English has taken the crown for being the global language, seeing as how it is one of the most widely spoken languages in the world. Often thought as a single language, the language actually has several similarities with other languages and dialects. No, it doesn’t stop at mere borrowed words.
With culture and society, languages tend to evolve and embrace changes over time. This is the same case for English as well. Before Modern English, the language has undergone several stages. Take a look below to find out how this language has morphed into the global language that it is today.
Prior To Old English
As some of you may know, Modern English is an amalgamation of Romance languages, Germanic language and derived from names. At its core, its Germanic roots hint at an evolution of an ancient language spoken in 500 BCE, Proto-Germanic.
If you were to go even further into history, language scientists could trace the origins of Proto-Germanic to a language called Proto-Indo-European. Dated back to 6000 years ago, this language forms the fundamentals of almost all European countries, and even some in South and West Asia.
Then Came The Angles, Saxons and Jutes
Old English came at the arrival of the Angles, Saxons and Jutes in the 5th-6th century. They were the first Germanic tribes to settle in the British Isles and had successfully formed the very basis of Anglo-Saxon. From the vocabulary, grammar and syntax, Old English resembles its cousins, Dutch and German, more than the English that we know today.
The Anglo-Saxons and their neighbour, the Vikings, have what you would say, a tensed relationship. From the 8th century, the Vikings have been trying to take over Britain. They reached an armistice when the English king Alfred the Great gave eastern England, Danelaw, to the Vikings in the 9th century.
Of course, as with most land transactions, it didn’t last. The kings thereafter slowly recaptured the given land and even went up to Scotland. The Vikings agreed to be under English’s rule when their last king, Eric Bloodaxe, was killed in battle.
History took another turn when the Vikings took advantage of England’s weak king, Etherald the Unready. The latter promised land and gold if the Vikings promised not to invade. Of course, the Vikings took the gold, land and invaded anyway. In 1016, King Canute managed to absorb England into the Viking empire, along with Denmark and Norway.
With all this interaction, the Norse language is bound to have sneaked into Anglo-Saxon English, and it did! Unbeknownst to many, we still use Old Norse today. The term ‘berserk’ is derived from Old Norse’s ‘berserkr’, which insinuated a Viking warrior who wore nothing for armour except for animal skin, or ‘bear-shirt’.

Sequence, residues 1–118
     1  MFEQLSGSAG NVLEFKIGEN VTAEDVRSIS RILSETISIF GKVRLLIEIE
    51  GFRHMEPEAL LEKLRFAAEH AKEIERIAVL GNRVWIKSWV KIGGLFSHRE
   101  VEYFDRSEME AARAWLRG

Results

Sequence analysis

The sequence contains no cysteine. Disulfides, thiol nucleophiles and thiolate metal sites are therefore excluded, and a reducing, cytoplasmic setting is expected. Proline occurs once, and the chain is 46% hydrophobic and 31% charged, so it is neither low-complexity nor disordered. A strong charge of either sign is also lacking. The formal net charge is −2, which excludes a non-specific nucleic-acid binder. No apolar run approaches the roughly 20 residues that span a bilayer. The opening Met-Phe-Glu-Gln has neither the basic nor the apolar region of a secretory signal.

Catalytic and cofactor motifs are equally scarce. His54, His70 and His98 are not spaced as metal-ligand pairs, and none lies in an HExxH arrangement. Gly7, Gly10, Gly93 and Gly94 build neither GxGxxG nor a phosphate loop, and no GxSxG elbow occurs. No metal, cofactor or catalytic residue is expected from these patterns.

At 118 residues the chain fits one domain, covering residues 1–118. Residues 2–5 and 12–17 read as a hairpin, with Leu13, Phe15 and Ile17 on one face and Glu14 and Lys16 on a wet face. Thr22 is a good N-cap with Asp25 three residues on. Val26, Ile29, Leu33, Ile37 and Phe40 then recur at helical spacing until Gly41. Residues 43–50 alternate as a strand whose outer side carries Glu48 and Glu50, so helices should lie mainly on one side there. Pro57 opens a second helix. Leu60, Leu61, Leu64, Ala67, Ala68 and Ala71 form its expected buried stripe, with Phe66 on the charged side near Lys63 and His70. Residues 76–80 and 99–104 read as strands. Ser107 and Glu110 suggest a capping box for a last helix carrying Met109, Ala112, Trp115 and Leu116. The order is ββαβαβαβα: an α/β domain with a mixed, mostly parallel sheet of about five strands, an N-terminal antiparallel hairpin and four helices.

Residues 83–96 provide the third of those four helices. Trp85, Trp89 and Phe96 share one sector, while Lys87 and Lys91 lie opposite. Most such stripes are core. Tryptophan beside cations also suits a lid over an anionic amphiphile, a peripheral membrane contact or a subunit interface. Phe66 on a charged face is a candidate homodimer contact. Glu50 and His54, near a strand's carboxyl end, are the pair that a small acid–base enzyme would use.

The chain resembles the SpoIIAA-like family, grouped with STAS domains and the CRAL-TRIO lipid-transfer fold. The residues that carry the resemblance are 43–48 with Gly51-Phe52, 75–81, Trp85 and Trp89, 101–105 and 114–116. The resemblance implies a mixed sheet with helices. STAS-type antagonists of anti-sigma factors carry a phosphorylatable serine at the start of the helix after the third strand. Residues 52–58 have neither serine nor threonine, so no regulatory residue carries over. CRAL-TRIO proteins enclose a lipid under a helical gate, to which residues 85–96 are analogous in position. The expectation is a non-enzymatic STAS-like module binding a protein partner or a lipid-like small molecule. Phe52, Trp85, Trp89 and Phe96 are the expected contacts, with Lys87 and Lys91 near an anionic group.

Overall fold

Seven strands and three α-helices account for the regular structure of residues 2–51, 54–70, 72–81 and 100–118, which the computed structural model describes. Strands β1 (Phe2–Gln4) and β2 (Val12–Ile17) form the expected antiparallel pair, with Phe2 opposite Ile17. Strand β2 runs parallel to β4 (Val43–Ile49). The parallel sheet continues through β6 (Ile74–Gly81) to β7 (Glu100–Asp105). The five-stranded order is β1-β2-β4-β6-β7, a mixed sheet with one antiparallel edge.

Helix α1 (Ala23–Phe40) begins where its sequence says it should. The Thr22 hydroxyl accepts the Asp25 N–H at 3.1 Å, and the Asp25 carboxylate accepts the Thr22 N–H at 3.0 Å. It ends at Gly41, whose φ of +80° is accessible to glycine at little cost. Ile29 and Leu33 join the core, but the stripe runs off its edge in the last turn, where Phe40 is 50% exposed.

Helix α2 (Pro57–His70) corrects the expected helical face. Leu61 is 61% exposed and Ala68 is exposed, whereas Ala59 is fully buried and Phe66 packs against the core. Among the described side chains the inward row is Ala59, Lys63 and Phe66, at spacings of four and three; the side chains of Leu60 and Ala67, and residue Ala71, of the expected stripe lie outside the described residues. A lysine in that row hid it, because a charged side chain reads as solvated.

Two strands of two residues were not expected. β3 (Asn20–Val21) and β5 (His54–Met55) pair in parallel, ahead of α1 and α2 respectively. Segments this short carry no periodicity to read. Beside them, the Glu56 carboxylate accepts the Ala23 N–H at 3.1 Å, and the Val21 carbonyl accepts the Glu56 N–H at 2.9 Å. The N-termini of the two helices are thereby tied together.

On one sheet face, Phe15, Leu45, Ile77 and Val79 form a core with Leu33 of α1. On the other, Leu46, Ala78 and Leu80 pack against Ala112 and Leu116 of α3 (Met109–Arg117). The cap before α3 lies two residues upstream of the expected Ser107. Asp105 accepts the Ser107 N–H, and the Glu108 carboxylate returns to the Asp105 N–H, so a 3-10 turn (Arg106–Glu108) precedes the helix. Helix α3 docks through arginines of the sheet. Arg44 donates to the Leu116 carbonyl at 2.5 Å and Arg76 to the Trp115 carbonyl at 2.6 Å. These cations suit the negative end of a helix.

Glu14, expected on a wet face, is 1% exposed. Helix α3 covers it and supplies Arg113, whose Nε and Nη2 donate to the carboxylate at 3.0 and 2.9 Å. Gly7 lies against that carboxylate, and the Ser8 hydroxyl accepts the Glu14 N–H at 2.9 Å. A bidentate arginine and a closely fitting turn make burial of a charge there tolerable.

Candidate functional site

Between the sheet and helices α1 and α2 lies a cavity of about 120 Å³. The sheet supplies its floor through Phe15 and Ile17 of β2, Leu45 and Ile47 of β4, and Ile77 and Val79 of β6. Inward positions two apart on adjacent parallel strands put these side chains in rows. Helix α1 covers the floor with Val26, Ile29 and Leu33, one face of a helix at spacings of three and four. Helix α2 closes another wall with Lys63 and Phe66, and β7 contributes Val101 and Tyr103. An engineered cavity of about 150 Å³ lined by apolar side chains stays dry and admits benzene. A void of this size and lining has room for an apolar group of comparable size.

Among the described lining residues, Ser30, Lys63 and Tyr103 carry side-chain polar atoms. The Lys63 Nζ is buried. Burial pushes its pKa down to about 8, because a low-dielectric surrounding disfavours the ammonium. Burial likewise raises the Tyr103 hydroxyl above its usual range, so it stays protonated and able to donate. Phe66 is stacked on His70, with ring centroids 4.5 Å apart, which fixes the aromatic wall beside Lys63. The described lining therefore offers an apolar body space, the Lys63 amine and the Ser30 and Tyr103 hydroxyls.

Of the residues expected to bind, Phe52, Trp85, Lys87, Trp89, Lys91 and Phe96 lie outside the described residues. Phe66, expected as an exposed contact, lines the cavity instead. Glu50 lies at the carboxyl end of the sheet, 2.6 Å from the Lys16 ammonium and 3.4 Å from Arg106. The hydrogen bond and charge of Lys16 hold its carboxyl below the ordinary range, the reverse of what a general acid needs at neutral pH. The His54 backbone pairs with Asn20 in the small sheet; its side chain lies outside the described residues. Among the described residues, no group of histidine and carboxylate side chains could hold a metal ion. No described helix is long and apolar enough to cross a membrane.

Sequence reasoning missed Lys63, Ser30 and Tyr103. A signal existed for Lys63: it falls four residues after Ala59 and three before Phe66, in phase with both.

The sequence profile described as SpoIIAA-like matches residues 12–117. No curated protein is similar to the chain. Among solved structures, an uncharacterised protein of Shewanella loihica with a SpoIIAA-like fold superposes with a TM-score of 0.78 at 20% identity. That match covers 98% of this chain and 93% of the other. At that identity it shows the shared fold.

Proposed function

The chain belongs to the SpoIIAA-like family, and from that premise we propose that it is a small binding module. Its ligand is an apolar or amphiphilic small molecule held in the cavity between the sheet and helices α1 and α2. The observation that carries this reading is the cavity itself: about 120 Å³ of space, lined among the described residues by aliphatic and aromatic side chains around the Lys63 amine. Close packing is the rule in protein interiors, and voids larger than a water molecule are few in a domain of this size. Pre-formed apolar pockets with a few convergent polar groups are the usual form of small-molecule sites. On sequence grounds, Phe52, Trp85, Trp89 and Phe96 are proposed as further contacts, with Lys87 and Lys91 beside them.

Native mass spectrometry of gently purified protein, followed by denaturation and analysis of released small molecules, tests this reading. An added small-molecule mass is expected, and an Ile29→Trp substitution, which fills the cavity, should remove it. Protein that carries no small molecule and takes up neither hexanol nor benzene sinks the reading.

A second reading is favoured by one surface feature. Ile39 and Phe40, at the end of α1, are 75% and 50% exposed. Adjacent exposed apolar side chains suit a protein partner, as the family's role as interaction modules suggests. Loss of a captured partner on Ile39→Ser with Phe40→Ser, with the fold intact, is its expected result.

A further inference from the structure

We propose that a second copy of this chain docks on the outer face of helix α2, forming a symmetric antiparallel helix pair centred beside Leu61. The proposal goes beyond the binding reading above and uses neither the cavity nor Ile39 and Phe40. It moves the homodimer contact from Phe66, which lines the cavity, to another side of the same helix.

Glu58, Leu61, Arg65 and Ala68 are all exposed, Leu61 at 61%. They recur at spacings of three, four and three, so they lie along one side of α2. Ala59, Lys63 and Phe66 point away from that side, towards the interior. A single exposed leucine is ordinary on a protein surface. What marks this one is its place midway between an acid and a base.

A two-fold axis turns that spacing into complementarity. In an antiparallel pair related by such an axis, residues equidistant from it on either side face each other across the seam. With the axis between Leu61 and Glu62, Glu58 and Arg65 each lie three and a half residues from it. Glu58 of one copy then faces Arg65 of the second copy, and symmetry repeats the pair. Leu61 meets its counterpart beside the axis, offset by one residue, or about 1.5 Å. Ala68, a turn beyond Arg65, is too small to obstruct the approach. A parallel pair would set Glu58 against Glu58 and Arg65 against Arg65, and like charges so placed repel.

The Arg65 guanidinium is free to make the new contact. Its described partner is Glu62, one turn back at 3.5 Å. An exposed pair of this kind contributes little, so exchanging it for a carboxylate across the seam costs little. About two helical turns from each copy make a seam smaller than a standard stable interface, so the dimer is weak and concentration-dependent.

The cross-cultural fermentation that happened in Danelaw and during King Canute’s rule suggests that Old English was not only derived from West Germanic languages but also North Germanic languages!
Etherald moved back to England in hopes to recapture the thrown. He died before he could and his son, Edward, managed to become king in 1042. After Edward’s death, Harold, son of the Earl of Wessex, was chosen as the next king.
This provoked two invasions with the Norwegian army and the Norman army. As you could’ve already tell, the Normans won the battle. With the arrival of the French-speaking Normans and became its ruling class, they brought their speech with them. Old English started undergoing drastic changes. They were the first to introduce Romance languages, both French and Latin, into the English language then.
Early Modern English
Early Modern English strived under the Tudor and Stuart dynasties. Under Henry VII, England saw the formation of a centralised government. When the government had decided to expand England via overseas commercial venture and colonisation, English had started to take its first few steps into becoming a global language.
In the early period, however, English was frowned upon as it was deemed far inferior compared to Latin. It was described as an inelegant and uneloquent language, primarily due to its mixed origin. Ironically, this very same attribute caused a shift in attitude and it was praised for its extensive vocabulary, along with its simple grammar. When the 17th century rolled around, Latin was experiencing a decline and English came to take its place. Within a few more decades, the language underwent another transformation to be what it is today.
And there you have it! This is a mere brief rundown of its history as a language, and a lot of it still very much obscure, especially prior to the Proto-Indo-European period. The fascinating history of this language will, unfortunately, be taught in the English courses you’ve signed up for, but at the very least, you now have a deeper appreciation for the language every time you do sit for class. Perhaps enrol in one of those IELTS preparation classes out there and obtain a certificate to show that you’ve truly mastered this global language.